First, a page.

Using body condition scoring for beef cows
Beef cattle producers know that a cow's body condition at the time of calving will affect the health of her calf and her ability to breed back in a timely manner. A Kansas State University animal scientist encourages producers to use a body condition score system to determine their cows' condition.
"A body condition score on a beef cow is the closest thing we have to determining her nutritional status at a glance," said Chris Reinhardt, livestock specialist with K-State Research and Extension. "But scoring cows properly and really benefitting from this tool requires more effort and observation than simply looking and thinking, 'they look a little thin.'"
The reason for talking about BCS now is that there is still time to adjust the nutrient supply to get the cows into the target BCS by calving time, Reinhardt said.
To evaluate an individual cow, he said, look at her topline, brisket, ribs, flank, round, and tail head. A borderline thin cow (BCS = 4) will clearly show three to four ribs first thing in the morning, will have no obvious fat depots in the brisket or tailhead, and the individual vertebrae along the topline will be visible. The cow still shows some muscle through the round, and she may appear "healthy but thin."
In a borderline fleshy cow (BCS = 6) the ribs and vertebrae will not be obvious, as they are covered by fat. The muscling through the round will be plump and full, but muscle definition is still apparent, and there will be small but noticeable fat deposits behind the shoulder, in the flank, brisket, and around the tail head.
The "ideal" or "target" BCS for cows at the time of calving is the BCS = 5, Reinhardt said. This cow will show the last one to two ribs first thing in the morning before feeding and have good fullness of muscle in the round with definite muscle definition. In addition, the spine will be apparent, but individual vertebrae will not be discernable, and with no obvious fat deposits behind the shoulder or around the tail head.
"We would say this cow has a good bloom," he added.
A change in BCS (from BCS 4 to 5, for example) requires the addition of 75 to 100 pounds of live body weight, depending on the mature size or frame size of the cows, the livestock specialist said.
"If you're two months from the start of calving and would like to add 0.5 to 1.0 BCS, you'll need to feed the cows for maintenance, the last one-third of gestation, and an additional 1.0 to 1.5 pounds per day of gain. This means increasing the amount of good quality hay as well as the amount of supplement."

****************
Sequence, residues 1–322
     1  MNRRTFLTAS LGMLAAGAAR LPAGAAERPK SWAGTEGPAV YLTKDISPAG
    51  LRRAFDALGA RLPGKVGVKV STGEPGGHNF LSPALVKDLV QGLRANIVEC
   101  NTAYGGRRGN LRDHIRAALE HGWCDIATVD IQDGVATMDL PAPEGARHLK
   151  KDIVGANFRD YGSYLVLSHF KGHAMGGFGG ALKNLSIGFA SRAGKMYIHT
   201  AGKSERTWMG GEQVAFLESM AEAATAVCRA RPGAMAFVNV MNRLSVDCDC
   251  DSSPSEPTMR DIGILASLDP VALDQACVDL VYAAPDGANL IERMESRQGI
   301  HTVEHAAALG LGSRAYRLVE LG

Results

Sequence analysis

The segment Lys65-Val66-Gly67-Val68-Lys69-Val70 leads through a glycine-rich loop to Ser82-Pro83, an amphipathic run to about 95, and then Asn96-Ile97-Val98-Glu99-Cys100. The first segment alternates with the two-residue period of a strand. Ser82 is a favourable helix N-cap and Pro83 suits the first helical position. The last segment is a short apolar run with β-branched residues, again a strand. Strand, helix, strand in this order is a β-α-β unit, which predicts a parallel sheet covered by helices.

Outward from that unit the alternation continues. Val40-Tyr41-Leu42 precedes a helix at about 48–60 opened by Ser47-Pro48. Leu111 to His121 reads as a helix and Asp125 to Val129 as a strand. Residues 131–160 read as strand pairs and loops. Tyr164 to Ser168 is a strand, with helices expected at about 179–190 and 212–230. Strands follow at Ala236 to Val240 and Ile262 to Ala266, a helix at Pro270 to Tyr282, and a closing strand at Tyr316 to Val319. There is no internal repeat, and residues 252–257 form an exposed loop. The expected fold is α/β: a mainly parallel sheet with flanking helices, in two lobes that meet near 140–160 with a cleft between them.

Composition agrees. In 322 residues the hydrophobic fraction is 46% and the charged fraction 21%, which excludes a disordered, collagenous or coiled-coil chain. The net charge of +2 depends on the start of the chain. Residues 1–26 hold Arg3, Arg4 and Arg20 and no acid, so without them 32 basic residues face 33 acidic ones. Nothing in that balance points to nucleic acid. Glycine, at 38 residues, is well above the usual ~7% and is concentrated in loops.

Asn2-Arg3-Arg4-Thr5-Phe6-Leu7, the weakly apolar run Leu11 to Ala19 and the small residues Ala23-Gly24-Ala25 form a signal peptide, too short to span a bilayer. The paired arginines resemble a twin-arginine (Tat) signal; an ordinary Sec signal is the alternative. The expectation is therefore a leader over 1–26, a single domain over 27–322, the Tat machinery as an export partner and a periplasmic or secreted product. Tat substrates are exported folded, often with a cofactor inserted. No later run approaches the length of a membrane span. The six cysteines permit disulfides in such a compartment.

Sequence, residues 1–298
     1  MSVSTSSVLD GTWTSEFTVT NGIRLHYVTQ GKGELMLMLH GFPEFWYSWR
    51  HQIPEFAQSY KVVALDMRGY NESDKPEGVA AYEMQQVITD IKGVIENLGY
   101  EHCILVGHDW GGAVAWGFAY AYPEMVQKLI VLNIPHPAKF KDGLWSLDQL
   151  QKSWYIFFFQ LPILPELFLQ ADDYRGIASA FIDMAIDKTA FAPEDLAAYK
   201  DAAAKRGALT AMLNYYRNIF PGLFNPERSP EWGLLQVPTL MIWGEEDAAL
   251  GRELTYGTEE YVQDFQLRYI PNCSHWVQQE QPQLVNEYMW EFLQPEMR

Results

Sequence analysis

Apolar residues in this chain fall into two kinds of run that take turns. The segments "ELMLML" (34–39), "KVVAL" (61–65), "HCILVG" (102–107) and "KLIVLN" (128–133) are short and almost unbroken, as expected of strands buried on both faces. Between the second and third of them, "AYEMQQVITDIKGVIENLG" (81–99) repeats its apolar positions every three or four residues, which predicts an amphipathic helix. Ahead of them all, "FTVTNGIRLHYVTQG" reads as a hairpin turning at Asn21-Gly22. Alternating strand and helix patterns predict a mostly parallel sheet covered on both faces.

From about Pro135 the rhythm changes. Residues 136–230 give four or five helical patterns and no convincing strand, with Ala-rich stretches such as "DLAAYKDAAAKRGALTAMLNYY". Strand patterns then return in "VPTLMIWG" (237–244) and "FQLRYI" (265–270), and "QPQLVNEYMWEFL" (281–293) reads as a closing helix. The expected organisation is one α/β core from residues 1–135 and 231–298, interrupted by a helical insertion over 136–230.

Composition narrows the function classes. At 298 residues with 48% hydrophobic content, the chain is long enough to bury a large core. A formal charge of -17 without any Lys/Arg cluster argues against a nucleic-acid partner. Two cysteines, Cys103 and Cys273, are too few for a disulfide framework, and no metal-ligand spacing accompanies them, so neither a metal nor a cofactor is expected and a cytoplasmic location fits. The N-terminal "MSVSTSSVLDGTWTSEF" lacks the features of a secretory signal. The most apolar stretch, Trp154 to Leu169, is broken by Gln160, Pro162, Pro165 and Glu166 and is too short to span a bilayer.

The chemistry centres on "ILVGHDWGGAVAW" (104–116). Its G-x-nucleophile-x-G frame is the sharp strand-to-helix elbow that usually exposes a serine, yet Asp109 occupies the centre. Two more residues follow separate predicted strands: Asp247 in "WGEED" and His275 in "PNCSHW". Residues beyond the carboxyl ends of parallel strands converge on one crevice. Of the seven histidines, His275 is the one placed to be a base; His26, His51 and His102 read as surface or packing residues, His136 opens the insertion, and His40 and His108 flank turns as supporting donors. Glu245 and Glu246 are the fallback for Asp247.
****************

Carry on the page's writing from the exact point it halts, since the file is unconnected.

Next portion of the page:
Reinhardt said that thin cows (BCS 4 or below) can be separated off and fed at a higher plane of nutrition.
"The argument can be made that this creates 'welfare cows.' However, good record-keeping will indicate whether these cows are perennial 'hard-keepers' or if they are simply too young or too old to compete with the mature cows," he said. "If they're too young, another year of maturity should cure this; if they're too old, you may consider culling them after weaning time. The key here is that good record keeping allows you to cull intentionally based on productivity, not based on lack of observation and management."
Cows at a BCS 5 at the time of calving should provide adequate colostrum and nutrition for their calf and breed back in a timely fashion, Reinhardt said. Cows that calve below a BCS 5 will delay their return to estrus and breed back late. If these cows do not maintain a 365-day calving cycle, they could, after one to two late breedings, effectively cull themselves due to being open at pregnancy checking time.
"Young cows are especially susceptible to this because they are gestating a calf, nursing a calf and still growing frame and muscle themselves," he said. "Unfortunately, young cows are the future of your herd and possibly your most progressive genetics. Hopefully these cows aren't culled simply for lack of nutrients."
Reinhardt encourages producers to take time to critically evaluate the nutrient status of their cow herds this winter, and to use the body scoring system to manage the fertility and health of their herds going into next spring. "That way, you give yourself full control over the genetics of your herd for years to come," he said.
Keeping track of an individual cow's condition using the body condition scoring system may be simple enough, but what about a whole herd?
"Body condition scoring the herd is a simple process, and can be done on a large paper tablet," said Reinhardt.
"Make columns for BCS 3, 4, 5, and 6 and as you pass through the herd first thing in the morning, make a tick mark for each cow in each of the columns. Multiply the number of 3s by 3, the 4s by 4, etc., add up the total score and divide by the total number of tick marks. This gives you an average BCS for the herd."
More important than the average is how many cows you've got in the critical scores of 3 and 4, he said. Fours can be easily fed into the 5 range, but 3s could potentially not cycle in time to stay in the herd. If 3s can be fed into the 4 range, they'll have a chance to breed, albeit late during the normal breeding season.